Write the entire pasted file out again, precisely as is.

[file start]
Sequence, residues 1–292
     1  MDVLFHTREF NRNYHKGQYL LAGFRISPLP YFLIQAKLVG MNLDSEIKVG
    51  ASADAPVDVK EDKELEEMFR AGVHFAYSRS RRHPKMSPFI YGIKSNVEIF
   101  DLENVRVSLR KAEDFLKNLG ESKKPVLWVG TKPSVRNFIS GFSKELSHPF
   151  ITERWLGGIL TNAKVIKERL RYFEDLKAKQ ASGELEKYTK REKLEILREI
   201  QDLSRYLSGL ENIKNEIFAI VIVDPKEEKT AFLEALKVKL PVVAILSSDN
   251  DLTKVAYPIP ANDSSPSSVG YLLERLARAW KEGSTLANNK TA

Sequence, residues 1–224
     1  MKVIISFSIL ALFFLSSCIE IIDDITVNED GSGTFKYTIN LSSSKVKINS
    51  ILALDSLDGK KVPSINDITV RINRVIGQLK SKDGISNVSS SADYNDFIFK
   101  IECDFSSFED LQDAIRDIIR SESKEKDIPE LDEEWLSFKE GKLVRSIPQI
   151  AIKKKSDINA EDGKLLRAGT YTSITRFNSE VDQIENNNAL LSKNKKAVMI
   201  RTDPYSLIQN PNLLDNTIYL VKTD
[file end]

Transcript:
Sequence, residues 1–292
     1  MDVLFHTREF NRNYHKGQYL LAGFRISPLP YFLIQAKLVG MNLDSEIKVG
    51  ASADAPVDVK EDKELEEMFR AGVHFAYSRS RRHPKMSPFI YGIKSNVEIF
   101  DLENVRVSLR KAEDFLKNLG ESKKPVLWVG TKPSVRNFIS GFSKELSHPF
   151  ITERWLGGIL TNAKVIKERL RYFEDLKAKQ ASGELEKYTK REKLEILREI
   201  QDLSRYLSGL ENIKNEIFAI VIVDPKEEKT AFLEALKVKL PVVAILSSDN
   251  DLTKVAYPIP ANDSSPSSVG YLLERLARAW KEGSTLANNK TA

Sequence, residues 1–224
     1  MKVIISFSIL ALFFLSSCIE IIDDITVNED GSGTFKYTIN LSSSKVKINS
    51  ILALDSLDGK KVPSINDITV RINRVIGQLK SKDGISNVSS SADYNDFIFK
   101  IECDFSSFED LQDAIRDIIR SESKEKDIPE LDEEWLSFKE GKLVRSIPQI
   151  AIKKKSDINA EDGKLLRAGT YTSITRFNSE VDQIENNNAL LSKNKKAVMI
   201  RTDPYSLIQN PNLLDNTIYL VKTD